(Leather Life column published in Lavender Magazine, Issue #400, September 24, 2010)
Over the years, this column has dealt several times with issues of intergeneration and intercommunity conflict. This conflict often is characterized as between the “Old Guard” (those who value, and try to preserve, the community hierarchy and other traditions that leather culture inherited from its military beginnings) and the “New Guard” (those who either don’t care about, or who outright reject, these traditions). But sometimes conflict also surfaces between other community groups: those who identify as “leather” and those who identify as “BDSM” or “fetish,” for example, or between various combinations of gay men, lesbians, bisexuals, transgendered people and heterosexuals.
When conflict happens, communication between the groups in conflict can take several forms. One is debate, in which each group tries to convince the other group that its way is correct and the other group’s way is incorrect. Sometimes one side is convinced; sometimes each side just digs in its heels.
Another way to deal with conflict is through dialectic, in which the two sides engage in discussion that eventually produces a third viewpoint that is superior to either of the original viewpoints. I recently heard the concept of dialectic described in a sermon preached by the Rev. Keith Hohly, pastor of First Lutheran Church, Mission Hills, Kansas. (Sometimes the universe speaks to us when we least expect it.)
Dialectic goes all the way back to ancient Greece, and discussions of it have filled many books throughout the centuries. In his sermon, however, Rev. Hohly discussed dialectic as a style of communication between parents and children, and I recognized right away that what he was saying applied also to intergenerational and other struggles within the leather/BDSM/fetish community.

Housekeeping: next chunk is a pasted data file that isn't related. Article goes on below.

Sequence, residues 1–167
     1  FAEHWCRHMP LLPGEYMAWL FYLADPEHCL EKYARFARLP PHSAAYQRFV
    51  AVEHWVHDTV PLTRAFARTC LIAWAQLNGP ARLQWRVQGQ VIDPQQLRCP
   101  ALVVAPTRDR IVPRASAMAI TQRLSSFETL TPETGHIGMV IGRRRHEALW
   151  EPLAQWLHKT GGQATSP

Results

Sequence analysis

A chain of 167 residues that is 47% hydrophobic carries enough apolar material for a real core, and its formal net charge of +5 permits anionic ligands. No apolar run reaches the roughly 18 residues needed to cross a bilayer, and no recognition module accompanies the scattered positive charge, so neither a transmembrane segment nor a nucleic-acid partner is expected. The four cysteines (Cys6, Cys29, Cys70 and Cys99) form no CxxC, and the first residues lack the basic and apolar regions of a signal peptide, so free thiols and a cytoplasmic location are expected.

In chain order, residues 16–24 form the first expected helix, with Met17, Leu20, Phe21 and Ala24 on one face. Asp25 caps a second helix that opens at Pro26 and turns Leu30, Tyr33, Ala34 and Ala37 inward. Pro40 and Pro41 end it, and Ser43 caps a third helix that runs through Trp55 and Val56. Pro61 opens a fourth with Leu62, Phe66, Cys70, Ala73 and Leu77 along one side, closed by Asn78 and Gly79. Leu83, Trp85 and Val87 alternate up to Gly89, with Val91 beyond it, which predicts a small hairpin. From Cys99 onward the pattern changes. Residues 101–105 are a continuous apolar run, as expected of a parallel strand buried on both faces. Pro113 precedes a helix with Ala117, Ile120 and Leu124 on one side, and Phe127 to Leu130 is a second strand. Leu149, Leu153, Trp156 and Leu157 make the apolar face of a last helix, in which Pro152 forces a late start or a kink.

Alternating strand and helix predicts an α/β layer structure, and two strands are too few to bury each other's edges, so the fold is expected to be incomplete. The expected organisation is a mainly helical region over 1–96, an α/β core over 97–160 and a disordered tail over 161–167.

Here’s how Rev. Hohly explained it: Parents have values which they wish to impart to their children. This part of the dialectic is called the “thesis.” Children rebel against these values—“antithesis.” Ideally, out of the combination of thesis and antithesis comes “synthesis,” something that is different from but better than either the original thesis or the antithesis. The synthesis becomes the new thesis, and the process starts over again. This is how people and communities evolve and progress is made.
It’s not that children should not rebel—on the contrary, it’s part of their job to rebel as a way of declaring their independence from their parents. It’s healthy for them to rebel. Parents sometimes might wish it were otherwise, but good parents know that part of raising the next generation is enduring the process of having that next generation assert its independence.
But sometimes parents or their offspring refuse to be part of the process, as in “My way or the highway.” With no willingness to try to understand the other side’s position, the discussion then often turns into a debate that convinces no one and solves nothing. In a debate there is no middle ground and no synthesis.
Now let’s apply all of this to ourselves. Consider how leather arose in the first place. Our community took the rebel role against then-mainstream society’s vanilla values and practices. There was no attempt at dialectic then, and history shows what happened: leather culture was underground, and divorced from mainstream culture, for many years. It is only relatively recently that mainstream society has seen any value in our culture, and then often only as a way to shock people and sell things. But it’s at least some kind of dialogue.
Within our then-underground community, however, the early history of leather seemed to be free of intergenerational conflict, in that the community’s values and traditions were passed from one generation to the next through a very effective system of mentorship.
But that system was torn asunder by the AIDS epidemic. Today we have traditionalists, most of whom are older, and we have rebels, most of whom are younger. Too often, the two groups seem to be arguing in endless debate, when what would be more constructive would be dialectic between the two groups—between every group, actually, that has a stake in this community and in its future.
The next time you hear an argument in leather circles, listen closely. Do you hear debate or do you hear dialectic? Which would you rather hear? Which would you rather contribute to?
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